For the past 40 days over at EN’s Blogger’s Row we’ve been following the adventures of Julie Maner, mom to Prelim eventer Emily who decided to attempt an event herself riding Emily’s old horse Romeo. The goal: Jump Start H.T. in Lexington, Kentucky. After trials and tribulations, she made it to the event — and it’s time for one final reflection. If you’re just tuning in, catch up on previous posts from Julie’s blog here.
So here I am sipping on a glass of wine (I may have abandoned my no more drinking rule for a few days. Don’t judge me!), listening to Chris Stapleton, in Portland, Maine, soaking it all in. We brought my son, Josh, a U-Haul full of his furniture and personal belongings to Portland. It is here that he has chosen to chase a dream and find himself … for a bit. He and Richard are busy hanging shelves, tacking up lights, putting pictures on the walls and keeping Lowe’s in business.
When I was Josh’s age, finding my passion or doing what speaks to me was not “a thing.” I was busy trying to have it all: a successful relationship, kids, career, mortgage, a white picket fence … you get the picture. Doing something that just felt good and filled my heart with joy wasn’t something I really thought about but here I am — better late than never. I’m not saying I am going to become a hardcore eventer. Romeo’s days are numbered and honestly, I got lucky a few times at Jump Start.
I digress … So those who know me know that I can be pretty frugal. Although 3 of my 4 children are off of our payroll, spending money on myself (other than the occasional mani/pedi) is few and far between. For me to pay a trainer, keep an older horse moving, and pay all that goes with eventing is out of my allotted weekly budget. I wasn’t comfortable spending “our” money on me chasing a bucket list item; but there was my laundered stripper money tucked away in a special hiding place.
Don’t get excited! The money isn’t really laundered … well sort of and I was never a stripper. Years ago, when the three older kids were middle school age, I would get so frustrated with finding money in the washer and dryer. “Don’t ya’ll care that you’re missing $5” or “this change adds up!” My sometimes absent-minded husband, left a trail of dollar bills as well. After what I’m sure was years of bitching and moaning, I declared all laundered money to be mine. If I am going to wash it, and you don’t care about losing it, it will become mine.
For years I have had a mason jar on a shelf above the washer and dryer. If it was a penny or the very rare Andrew Jackson (thanks, Richard) and I laundered it, it went into the jar and became mine. Over time, I accumulated quite the stash. As the change would overflow the jar, I would sit in front of the television and roll it. Pennies became dollars. The crisp Bounce fragranced dollars grew. It even got to be substantial enough for me to feel obligated to tell Sarah (our oldest) about it so that it anything ever happened to me … just in case.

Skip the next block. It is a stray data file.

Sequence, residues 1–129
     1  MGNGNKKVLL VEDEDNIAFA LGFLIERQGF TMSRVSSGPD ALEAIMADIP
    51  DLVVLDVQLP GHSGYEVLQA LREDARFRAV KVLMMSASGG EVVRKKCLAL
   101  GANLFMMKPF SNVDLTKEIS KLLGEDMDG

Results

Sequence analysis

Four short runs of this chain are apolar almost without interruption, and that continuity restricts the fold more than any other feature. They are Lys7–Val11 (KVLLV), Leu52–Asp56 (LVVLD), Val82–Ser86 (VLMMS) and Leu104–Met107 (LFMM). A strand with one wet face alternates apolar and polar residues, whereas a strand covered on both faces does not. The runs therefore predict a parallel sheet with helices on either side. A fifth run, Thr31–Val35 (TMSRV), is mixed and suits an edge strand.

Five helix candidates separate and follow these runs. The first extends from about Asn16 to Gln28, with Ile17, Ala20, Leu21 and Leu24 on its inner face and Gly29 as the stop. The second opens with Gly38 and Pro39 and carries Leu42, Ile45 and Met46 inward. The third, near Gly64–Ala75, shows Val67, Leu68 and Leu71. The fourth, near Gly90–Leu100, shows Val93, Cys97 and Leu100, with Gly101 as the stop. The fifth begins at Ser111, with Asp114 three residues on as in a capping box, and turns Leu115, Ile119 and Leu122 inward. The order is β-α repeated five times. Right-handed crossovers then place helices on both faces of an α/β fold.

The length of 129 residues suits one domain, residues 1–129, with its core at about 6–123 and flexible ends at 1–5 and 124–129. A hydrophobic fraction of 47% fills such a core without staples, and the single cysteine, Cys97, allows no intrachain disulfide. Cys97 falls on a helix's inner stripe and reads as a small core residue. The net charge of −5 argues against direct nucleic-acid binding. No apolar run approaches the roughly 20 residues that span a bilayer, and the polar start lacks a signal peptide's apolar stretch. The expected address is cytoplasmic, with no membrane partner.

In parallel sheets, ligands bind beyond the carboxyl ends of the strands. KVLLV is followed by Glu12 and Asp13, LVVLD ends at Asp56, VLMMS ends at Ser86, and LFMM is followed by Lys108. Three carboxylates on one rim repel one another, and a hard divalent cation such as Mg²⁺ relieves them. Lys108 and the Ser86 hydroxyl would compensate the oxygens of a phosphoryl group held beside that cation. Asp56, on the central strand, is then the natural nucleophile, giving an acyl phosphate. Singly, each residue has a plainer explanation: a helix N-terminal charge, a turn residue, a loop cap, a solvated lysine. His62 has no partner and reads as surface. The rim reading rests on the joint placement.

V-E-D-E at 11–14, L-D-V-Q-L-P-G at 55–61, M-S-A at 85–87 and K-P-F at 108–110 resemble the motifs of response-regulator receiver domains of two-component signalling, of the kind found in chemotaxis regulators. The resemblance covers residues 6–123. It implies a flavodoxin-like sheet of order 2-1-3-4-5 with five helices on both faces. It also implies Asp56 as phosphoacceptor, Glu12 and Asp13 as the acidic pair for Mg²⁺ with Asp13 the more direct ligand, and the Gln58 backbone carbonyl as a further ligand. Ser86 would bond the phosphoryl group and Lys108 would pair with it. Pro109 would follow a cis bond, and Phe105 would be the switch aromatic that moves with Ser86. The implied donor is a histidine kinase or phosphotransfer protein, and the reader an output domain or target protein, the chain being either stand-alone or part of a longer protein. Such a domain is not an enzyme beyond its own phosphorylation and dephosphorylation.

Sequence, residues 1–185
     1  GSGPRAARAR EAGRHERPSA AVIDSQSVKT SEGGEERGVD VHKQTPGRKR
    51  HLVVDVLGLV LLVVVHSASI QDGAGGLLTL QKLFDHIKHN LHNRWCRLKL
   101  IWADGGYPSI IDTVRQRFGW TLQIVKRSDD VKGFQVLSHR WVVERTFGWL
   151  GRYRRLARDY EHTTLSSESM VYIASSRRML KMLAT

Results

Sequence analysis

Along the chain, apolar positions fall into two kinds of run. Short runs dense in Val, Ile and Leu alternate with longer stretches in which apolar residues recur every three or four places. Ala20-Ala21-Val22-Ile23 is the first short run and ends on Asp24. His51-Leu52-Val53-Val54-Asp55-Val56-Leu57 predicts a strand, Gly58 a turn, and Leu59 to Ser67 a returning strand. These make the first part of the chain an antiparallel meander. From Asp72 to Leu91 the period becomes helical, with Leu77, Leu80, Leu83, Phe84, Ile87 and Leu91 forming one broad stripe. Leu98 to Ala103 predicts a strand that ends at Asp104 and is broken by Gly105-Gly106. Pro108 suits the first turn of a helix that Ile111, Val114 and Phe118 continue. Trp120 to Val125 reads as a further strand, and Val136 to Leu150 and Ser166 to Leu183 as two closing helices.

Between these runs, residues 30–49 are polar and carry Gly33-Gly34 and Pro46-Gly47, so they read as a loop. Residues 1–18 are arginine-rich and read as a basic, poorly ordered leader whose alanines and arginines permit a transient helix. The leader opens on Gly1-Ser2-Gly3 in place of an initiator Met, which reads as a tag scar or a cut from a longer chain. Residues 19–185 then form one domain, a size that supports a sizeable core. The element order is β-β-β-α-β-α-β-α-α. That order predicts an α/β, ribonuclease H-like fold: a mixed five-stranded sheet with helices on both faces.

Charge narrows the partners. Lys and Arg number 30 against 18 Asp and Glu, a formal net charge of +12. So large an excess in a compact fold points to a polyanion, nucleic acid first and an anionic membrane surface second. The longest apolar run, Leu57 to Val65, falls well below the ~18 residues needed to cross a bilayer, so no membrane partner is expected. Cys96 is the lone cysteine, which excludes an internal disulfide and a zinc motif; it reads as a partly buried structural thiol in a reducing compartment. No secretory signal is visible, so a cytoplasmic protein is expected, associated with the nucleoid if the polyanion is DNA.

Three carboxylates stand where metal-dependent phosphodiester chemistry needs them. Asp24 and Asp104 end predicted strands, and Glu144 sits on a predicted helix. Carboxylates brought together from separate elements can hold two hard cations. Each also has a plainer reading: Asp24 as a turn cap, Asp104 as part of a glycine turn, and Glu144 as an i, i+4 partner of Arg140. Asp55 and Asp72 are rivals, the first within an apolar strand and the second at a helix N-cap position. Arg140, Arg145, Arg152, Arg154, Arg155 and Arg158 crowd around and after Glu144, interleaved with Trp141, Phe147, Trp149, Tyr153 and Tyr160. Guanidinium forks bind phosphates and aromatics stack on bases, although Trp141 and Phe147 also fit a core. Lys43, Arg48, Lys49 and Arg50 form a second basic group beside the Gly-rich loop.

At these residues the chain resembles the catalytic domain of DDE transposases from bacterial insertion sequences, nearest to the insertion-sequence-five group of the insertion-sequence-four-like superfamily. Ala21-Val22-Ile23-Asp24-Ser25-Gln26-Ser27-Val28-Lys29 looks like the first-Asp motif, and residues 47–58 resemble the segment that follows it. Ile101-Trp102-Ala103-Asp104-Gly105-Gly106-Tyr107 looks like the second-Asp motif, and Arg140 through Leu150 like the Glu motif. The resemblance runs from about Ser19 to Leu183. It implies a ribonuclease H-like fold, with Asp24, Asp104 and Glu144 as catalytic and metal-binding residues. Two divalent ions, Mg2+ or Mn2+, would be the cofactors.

What should I spend it on? It was beginning to burn a hole in my pocket. Should I get a little something-something done to get rid of these wrinkles? A cool piece of art? Something for the house? No, that’s not for me. It’s gotta be for me. And so there it was … that halter … taunting me. Do an event! Do an event! Romeo is home! Do an event! Money could not be an excuse. It would not affect my household budget. I had my laundered stripper dollars … there was no excuse.
I had mentioned my laundered stripper money for years to Erika. She knew about my stash but didn’t fully appreciate it until I actually pulled the trigger and started riding with her. After at least the first 4 or 5 lessons, I would pull out my crisp, fresh and clean stack of ones. I would count them off; one, two, three, four. “You weren’t kidding!” she said after the first few lessons. Just for giggles, if I laundered someone’s cash over the past month, I would text her just to say, “I made enough for another lesson!”
So in the line of thank yous, I should first thank my kids for being kiddos and not keeping up with their change. To my adult children for understanding when I said, “the next month and a half is for me. Don’t ask.” For understanding if I had to cancel plans on short notice. For loving me enough to not only understand but to be happy for me. And to Josh, for reminding me of the importance of inner happiness. For showing me how to take pause and enjoy the ride…not just the conclusion.
And Emily, for whom I know this wasn’t easy. Sitting on the sidelines, watching me ride in your saddle, use your CCI1* never-been-used dressage saddle pad, and neatly hung show clothes. When corrected by a judge for standing too close to cross country jump #12 (the scary one), you declared, “But that’s my mom!” so the judge let you stay and cheer me over! Thanks for letting me into your world. It has been an honor and privilege to be your eventing mom.